Mediation, timing and case management

November 10, 2014

Often parties will agree to stay proceedings for 2 or 3 months in order for mediation to be explored. This may be at the behest of one of the parties or prompted by a judge who views the case as being suitable for mediation. Now Mr Justice Coulson in CIP Properties (AIPT) Ltd v Galliford Try Intrastructure Ltd & others questions whether applying for a stay is the correct approach – and says it isn’t. The Judge recognises the value of mediation saying,

‘A professional mediator, engaged at the right time in the process and in the right spirit of co-operation by the parties, will often be able to resolve the most intractable case and save everyone a good deal of money, time and effort. The TCC lists in London would be impossible to operate without the good work of mediators and others involved in the ADR process’.

The point that the Judge then considers is how mediation can be accommodated within the litigation process given the tension between facilitating the ADR process and putting the court proceedings on hold in order for ADR to take place. Coulson J comments that the period between disclosure and the exchange of witness statements or between the exchange of witness statements and the production of the experts’ joint statement is usually sufficient time for parties to engage in mediation if that is what they decide to do.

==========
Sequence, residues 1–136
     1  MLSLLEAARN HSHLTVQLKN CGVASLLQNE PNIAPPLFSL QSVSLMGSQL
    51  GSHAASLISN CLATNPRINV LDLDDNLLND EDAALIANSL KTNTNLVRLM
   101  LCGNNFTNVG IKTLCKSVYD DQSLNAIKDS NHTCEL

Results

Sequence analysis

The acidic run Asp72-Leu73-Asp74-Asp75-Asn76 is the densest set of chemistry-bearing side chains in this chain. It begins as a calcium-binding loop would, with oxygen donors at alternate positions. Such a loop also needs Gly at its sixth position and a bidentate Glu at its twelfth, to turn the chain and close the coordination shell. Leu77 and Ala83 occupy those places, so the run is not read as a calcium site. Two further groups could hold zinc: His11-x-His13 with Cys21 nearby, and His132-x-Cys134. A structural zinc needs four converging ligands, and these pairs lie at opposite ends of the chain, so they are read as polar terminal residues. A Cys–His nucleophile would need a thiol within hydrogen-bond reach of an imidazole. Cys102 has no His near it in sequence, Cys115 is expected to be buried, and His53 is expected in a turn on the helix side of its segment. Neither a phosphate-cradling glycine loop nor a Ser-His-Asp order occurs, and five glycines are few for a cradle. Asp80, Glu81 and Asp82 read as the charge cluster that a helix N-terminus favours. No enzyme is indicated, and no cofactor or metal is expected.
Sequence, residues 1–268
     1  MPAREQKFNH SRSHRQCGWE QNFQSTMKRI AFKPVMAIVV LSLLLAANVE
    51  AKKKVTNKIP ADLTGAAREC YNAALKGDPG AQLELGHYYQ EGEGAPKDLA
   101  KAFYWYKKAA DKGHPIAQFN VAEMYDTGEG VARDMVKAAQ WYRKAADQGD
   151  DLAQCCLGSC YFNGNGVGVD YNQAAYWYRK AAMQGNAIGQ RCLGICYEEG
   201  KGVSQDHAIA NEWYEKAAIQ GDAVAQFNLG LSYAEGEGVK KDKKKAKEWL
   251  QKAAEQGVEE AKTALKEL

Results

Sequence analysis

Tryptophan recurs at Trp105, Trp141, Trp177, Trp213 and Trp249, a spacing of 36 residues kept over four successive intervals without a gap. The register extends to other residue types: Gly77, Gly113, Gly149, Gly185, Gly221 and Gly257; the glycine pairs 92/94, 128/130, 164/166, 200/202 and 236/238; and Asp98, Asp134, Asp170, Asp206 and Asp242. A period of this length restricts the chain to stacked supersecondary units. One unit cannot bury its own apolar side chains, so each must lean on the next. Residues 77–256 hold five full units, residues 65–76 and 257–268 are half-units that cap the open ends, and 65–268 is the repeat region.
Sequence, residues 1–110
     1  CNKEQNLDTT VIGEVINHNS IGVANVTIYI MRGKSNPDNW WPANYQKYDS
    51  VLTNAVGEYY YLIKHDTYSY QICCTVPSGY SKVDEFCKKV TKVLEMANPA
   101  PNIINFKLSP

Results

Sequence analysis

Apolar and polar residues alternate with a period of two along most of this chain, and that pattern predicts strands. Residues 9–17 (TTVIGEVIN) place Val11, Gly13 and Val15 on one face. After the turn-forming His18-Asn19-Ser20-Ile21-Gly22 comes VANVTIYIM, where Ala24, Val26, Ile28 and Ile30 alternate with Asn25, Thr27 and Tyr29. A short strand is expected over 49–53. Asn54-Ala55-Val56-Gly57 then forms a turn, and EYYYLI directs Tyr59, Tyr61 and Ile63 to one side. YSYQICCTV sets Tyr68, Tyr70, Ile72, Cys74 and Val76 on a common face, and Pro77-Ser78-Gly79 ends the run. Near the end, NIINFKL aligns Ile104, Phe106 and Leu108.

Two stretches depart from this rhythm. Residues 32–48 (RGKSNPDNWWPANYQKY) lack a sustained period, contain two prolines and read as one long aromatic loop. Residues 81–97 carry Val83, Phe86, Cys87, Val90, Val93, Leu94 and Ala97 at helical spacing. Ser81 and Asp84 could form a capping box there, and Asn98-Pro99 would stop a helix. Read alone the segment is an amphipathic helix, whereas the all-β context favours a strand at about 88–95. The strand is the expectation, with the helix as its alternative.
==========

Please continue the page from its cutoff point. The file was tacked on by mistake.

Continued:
Thus ‘a sensible timetable for trial that allows the parties to take part in ADR along the way is a sensible case management tool’. A stay or fixed ‘window’ for the same purpose however was ‘likely to lead to delay, extra cost and uncertainty and should not ordinarily be ordered’. This was particularly so where a significant party opposes the imposition of a stay.

What are the benefits of the stay? It depends on how proactive the parties or their lawyers are and what the purpose of the stay really is. As Coulson J states, staying the whole proceedings can result in uncertainties and the potential for tactical games-playing. The difficulty is that preparing for trial contains those elements too. Perhaps the progress of litigation may boil down to time and money. While delay can translate into costs, a stay in litigation may carry a psychological pause which could operate jointly as an incentive for the parties to focus on the crucial issues and prepare to mediate.

Garden Court Mediation

Garden Court Mediation